Cementing a victory for President Barack Obama on his trade agenda, the House of Representatives passed legislation Thursday providing financial aid and training for those workers displaced by global trade.
The trade adjustment assistance bill was approved easily 286-138, with the bulk of votes coming from House Democrats.
But less than two weeks ago many of those same Democrats blocked legislation to give the President fast track authority to negotiate trade deals and raised doubts about whether it could be resuscitated. That episode highlighted the party’s deep divisions on the issue of trade and delivered an embarrassing, although short term, blow for the President hours after he traveled to Capitol Hill and urged Democrats to stand with him.
In the end it was Senate Majority Leader Mitch McConnell, R-Kentucky, and House Speaker John Boehner who rescued the President’s trade package.
The top Republicans came up with a new legislative strategy to divide the bill known as “trade promotion authority” from the worker assistance bill, and pass them separately through both chambers. The President insisted he wanted both components before he moved forward with talks on a trade deal.
Boehner touted that Republicans had delivered the TPA bill already to the President on Thursday, saying the legislation “will lead to more jobs and more opportunities for American workers.”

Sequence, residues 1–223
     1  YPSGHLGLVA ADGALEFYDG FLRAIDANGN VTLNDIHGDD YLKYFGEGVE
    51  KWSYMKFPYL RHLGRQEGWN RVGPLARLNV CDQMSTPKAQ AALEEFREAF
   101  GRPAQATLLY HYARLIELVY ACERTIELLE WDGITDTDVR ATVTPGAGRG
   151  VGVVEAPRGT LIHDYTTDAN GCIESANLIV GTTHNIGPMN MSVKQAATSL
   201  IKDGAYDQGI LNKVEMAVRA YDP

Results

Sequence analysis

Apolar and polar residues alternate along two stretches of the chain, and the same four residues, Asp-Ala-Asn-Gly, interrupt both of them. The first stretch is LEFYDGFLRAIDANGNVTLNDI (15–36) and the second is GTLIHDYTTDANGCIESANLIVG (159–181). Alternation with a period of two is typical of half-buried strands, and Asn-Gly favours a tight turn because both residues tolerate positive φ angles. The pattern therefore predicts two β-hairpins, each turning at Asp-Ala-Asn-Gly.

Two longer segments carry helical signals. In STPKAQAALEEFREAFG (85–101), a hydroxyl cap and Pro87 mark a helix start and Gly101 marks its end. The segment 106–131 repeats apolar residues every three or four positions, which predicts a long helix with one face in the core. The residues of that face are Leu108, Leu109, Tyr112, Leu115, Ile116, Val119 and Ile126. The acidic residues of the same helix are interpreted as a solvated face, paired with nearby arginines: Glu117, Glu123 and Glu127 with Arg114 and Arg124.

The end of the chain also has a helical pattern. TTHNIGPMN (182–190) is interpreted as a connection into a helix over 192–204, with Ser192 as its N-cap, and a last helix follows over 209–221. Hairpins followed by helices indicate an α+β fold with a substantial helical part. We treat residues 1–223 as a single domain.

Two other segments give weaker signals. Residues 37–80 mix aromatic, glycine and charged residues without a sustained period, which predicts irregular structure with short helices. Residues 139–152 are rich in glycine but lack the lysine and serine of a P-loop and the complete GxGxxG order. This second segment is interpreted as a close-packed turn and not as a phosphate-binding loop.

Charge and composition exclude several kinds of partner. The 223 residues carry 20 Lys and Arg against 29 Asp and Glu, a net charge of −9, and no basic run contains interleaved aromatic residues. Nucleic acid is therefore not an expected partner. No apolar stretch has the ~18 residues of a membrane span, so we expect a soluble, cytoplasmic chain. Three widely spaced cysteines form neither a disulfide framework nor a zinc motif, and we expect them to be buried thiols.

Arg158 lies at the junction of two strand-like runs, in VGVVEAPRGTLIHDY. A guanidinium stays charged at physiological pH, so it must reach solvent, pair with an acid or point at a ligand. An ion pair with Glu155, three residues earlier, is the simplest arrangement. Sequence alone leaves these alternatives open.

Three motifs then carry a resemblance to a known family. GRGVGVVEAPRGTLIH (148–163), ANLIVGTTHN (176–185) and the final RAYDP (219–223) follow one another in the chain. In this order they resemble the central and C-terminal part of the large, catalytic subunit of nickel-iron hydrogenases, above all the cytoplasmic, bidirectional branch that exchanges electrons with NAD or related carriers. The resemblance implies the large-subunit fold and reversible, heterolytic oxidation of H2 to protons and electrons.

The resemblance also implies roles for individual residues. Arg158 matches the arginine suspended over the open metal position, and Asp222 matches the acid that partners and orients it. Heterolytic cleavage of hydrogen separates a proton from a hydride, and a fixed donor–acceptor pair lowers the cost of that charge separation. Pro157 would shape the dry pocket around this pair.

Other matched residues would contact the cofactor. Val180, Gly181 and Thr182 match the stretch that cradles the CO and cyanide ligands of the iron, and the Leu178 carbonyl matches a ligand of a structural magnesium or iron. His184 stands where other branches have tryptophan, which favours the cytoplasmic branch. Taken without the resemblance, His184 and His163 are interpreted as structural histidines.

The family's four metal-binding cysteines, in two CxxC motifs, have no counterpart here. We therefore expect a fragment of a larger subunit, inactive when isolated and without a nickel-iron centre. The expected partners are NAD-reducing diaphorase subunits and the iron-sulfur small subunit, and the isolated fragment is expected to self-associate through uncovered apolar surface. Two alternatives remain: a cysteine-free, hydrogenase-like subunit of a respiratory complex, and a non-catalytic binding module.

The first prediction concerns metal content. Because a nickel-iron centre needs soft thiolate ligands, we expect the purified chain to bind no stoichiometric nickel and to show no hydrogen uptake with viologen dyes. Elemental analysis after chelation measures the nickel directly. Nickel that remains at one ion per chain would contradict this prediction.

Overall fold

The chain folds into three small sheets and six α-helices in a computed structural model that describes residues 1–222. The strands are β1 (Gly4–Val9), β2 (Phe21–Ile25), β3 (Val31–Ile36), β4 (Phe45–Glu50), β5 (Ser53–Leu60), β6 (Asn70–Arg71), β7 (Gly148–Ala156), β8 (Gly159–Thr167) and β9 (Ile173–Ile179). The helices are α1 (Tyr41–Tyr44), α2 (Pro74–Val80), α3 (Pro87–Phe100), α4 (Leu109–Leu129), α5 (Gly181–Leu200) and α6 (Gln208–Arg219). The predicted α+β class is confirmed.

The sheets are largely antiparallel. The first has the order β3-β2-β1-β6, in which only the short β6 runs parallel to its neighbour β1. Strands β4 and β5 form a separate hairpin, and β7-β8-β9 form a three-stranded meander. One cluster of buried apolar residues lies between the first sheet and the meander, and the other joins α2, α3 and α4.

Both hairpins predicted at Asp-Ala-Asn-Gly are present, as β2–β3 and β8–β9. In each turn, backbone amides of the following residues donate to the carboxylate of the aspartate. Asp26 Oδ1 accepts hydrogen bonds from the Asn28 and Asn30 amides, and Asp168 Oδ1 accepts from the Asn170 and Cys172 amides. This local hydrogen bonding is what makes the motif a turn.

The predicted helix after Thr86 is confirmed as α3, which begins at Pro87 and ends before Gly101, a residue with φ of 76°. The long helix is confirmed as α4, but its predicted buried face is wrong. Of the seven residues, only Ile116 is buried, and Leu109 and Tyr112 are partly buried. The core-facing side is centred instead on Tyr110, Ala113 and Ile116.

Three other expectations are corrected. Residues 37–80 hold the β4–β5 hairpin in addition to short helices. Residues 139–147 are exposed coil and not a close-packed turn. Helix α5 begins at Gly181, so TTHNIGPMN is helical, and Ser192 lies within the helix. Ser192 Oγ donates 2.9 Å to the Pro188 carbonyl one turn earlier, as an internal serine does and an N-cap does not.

House Minority Leader Nancy Pelosi, who led the revolt against the President to defeat the initial package, admitted Thursday there was “some sense of relief” that the battle inside her own party was over on that issue.
But she called the battle over fast track legislation “phase one” in the trade debate. Pelosi pledged to “keep a very sharp, clear bright light focused” on the final details on the Trans Pacific Partnership deal the Administration was now negotiating with a dozen countries.
Progressive Democrats on Capitol Hill who opposed the fast track bill said they would team up with outside labor and environmental groups to pick apart the TPP. They warned if it failed to include adequate protections for workers and U.S. exports they would work to block it.
But under the new expedited rules Congress just approved, that trade pact only needs a simple majority to pass both the House and Senate so Republicans are in a position to pass TPP without any Democratic votes.
The President is expected to sign both the TPA and TAA measures soon. In a statement out Thursday afternoon following the vote, Obama applauded the “bipartisan majorities” who helped advance his trade agenda, saying it was all part of his plans to strengthen the economy.
“Of course, we still have more work to do on behalf of our workers, which is why I’ll continue to encourage Congress to pass robust trade enforcement legislation that will help us crack down on countries that break the rules,” Obama said in his statement. “But this week’s votes represent a much-needed win for hardworking American families.”